E is for the Everly Brothers

I wonder if Take A Message To Mary by the Everly Brothers influenced the Bee Gees’ I’ve Got To Get A Message To You?

The Beatles, the Beach Boys, the Bee Gees, Bob Dylan, the Byrds, and Simon & Garfunkel all listed them as influences. In fact, Paul Simon described his solo hit Graceland as an Everly Brothers song. The bonus tracks on Rockpile’s Seconds of Pleasure album features Nick Lowe & Dave Edmunds singing songs by the duo.

Isaac Donald “Don” Everly (born February 1, 1937) and Phillip “Phil” Everly (born January 19, 1939) were known for “steel-string guitar playing and close harmony singing.” They were elected to the Rock and Roll Hall of Fame in the first class, in 1986.

I remember seeing my father’s single of Bird Dog/Devoted to You on Cadence Records in the house. The brothers got some great songs from the husband and wife Felice and Boudleaux Bryant, as well as tunes they penned themselves. Unfortunately in the early 1960s, the Everlys were shut off from Acuff-Rose songwriters. “These included Felice and Boudleaux Bryant… as well as Don and Phil Everly themselves, who were still contracted to Acuff-Rose as songwriters.” But they remained popular in England and the European continent well after their US popularity waned.

For a time, they had a major falling out but eventually got back together to play the oldies circuit. Still, their impact on popular music was already settled.

Sadly, Phil Everly died on January 3, 2014, of complications from chronic obstructive pulmonary disease. He was 74.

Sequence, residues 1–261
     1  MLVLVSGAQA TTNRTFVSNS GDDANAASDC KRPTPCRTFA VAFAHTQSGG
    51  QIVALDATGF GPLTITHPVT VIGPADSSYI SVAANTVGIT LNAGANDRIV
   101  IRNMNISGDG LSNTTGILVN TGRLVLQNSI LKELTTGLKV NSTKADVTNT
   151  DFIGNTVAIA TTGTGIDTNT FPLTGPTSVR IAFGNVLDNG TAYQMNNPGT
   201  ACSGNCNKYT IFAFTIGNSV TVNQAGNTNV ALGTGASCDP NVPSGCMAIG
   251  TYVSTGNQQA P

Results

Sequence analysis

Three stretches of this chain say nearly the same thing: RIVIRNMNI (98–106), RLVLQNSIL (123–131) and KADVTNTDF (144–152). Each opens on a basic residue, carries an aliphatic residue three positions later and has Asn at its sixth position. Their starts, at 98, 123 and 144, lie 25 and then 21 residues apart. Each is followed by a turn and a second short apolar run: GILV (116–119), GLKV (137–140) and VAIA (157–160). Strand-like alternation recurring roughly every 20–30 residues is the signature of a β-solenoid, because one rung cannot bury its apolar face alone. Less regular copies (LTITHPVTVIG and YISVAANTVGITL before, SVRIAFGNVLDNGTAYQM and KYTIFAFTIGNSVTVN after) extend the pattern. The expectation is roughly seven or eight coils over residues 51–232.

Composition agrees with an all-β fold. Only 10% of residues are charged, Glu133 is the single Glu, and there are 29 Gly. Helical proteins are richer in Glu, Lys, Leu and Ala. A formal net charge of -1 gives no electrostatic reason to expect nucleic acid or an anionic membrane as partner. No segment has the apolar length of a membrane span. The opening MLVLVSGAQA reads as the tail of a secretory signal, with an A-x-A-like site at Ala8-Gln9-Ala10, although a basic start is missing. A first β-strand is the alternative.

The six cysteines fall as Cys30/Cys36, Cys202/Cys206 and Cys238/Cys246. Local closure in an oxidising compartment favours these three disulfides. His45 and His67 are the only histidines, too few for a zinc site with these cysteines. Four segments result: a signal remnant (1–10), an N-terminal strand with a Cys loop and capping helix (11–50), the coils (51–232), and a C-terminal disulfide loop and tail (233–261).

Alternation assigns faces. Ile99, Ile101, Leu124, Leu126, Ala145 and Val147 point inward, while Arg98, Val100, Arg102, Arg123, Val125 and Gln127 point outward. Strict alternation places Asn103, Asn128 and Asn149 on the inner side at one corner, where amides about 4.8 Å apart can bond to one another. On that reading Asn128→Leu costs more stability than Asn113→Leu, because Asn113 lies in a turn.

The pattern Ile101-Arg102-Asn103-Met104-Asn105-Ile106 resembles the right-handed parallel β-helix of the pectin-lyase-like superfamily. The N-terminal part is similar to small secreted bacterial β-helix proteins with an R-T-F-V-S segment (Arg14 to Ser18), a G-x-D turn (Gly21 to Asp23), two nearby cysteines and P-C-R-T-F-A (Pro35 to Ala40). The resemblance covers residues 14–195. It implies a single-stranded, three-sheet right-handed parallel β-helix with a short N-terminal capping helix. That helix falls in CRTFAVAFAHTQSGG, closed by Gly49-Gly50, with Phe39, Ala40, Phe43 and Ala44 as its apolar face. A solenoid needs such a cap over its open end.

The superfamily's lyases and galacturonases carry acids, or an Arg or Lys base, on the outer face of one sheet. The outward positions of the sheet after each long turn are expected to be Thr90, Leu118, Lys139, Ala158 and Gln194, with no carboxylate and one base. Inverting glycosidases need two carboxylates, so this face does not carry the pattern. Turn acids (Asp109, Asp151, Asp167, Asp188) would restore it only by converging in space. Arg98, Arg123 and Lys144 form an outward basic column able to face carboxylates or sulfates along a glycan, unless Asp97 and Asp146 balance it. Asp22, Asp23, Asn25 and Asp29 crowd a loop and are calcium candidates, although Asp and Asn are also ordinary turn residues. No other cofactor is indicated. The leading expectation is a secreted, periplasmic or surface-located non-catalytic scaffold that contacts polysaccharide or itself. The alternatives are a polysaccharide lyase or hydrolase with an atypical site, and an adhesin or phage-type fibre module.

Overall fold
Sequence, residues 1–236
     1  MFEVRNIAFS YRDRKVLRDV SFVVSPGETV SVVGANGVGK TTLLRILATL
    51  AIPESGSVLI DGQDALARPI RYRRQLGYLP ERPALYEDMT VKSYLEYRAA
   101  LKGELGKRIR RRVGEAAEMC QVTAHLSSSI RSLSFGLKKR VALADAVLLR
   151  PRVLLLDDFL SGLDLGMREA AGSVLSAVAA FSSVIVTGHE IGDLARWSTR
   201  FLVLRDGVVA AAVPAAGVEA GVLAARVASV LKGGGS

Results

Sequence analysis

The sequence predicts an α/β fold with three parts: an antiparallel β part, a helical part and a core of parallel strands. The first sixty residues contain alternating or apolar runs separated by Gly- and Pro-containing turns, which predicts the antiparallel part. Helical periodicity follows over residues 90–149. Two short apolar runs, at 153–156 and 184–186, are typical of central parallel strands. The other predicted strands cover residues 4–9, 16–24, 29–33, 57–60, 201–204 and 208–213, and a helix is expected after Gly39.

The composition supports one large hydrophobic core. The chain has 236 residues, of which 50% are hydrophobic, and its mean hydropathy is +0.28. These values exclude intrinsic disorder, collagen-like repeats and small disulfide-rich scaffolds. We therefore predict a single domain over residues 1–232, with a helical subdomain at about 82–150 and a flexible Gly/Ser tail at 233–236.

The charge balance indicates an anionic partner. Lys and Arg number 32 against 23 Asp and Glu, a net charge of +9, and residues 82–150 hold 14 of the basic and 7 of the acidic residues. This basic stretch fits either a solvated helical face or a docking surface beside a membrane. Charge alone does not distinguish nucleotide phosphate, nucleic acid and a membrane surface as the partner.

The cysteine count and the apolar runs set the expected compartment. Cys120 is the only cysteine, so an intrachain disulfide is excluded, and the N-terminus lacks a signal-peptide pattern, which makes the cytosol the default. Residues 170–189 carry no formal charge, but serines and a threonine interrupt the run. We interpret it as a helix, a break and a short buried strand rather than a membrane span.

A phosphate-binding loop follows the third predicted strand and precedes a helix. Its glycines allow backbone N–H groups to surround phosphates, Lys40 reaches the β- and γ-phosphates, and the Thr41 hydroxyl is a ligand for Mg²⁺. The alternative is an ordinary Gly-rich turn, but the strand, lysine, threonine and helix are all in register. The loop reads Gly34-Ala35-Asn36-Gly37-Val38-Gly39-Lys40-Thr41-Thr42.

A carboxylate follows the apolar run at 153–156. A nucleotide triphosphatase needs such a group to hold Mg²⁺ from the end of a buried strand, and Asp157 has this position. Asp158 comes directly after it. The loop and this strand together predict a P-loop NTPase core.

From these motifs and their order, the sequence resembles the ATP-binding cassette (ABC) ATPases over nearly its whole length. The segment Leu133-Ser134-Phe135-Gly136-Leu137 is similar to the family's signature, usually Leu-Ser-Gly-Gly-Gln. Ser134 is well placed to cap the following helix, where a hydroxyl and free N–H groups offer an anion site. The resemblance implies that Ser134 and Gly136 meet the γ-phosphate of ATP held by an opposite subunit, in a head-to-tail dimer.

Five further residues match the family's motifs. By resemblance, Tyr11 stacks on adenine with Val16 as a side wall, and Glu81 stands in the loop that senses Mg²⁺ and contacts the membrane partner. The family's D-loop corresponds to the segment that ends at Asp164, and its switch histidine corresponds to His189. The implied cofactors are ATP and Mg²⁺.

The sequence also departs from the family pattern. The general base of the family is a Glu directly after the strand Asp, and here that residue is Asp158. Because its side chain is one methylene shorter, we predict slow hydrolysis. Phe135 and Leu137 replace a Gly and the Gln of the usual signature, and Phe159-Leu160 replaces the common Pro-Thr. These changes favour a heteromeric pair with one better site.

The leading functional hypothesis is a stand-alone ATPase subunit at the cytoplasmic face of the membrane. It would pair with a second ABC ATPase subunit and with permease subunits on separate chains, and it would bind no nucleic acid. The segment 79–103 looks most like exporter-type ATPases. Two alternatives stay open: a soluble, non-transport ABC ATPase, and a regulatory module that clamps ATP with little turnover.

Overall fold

My favorite Everly Brothers songs (written by the Bryants unless otherwise noted), links to all songs:

12. Cryin’ in the Rain [live version], #6 in 1962, written by Howard Greenfield and Carole King

11. Take A Message To Mary, #16 in 1959 – I wonder if this influenced the Bee Gees’ I’ve Got To Get A Message To You?

10. Devoted To You, #10 in 1958, as a B-side

9. (‘Til) I Kissed You, #4 in 1959, written by Don Everly – the Crickets of Buddy Holly fame were the backing band

8. Poor Jenny – #22 in 1959 as a B-side

7. On the Wings of a Nightingale – #50 in 1984, written by Paul McCartney, produced by Dave Edmunds

6. Bird Dog – #1 in 1958. Whatever its linguistically sexist flaws, I maintain my affection for it

5. When Will I Be Loved – #8 in 1960, written by Phil Everly. Linda Ronstadt had the bigger hit, but I always had a greater affection for the original.

4. Bye Bye Love – #2 for four weeks in 1957, this was their first hit. Covered more than once by Simon & Garfunkel.

3. All I Have To Do Is Dream – #1 for five weeks in 1958. “Only trouble is – gee, whiz…”

2. Cathy’s Clown – #1 for five weeks in 1960, written by the Everly Brothers. I like how it changes feel from verse to chorus.

1. Wake Up Little Susie – #1 for four weeks in 1957. It’s a wonderful story-song about how other people are going to say, “Ooo-la-la” for a couple being out so late.

(My favorite three songs are their biggest hits – how terribly parochial.)

Oh, here’s probably my LEAST favorite Everly Brothers song:

Ebony Eyes, #8 in 1961, by John D. Loudermilk. It’s the dopey, ham-handed spoken part that I really despise.

As the article in the Telegraph, the saddest thing about Phil’s death is that it will never blend with Don’s again.


ABC Wednesday – Round 14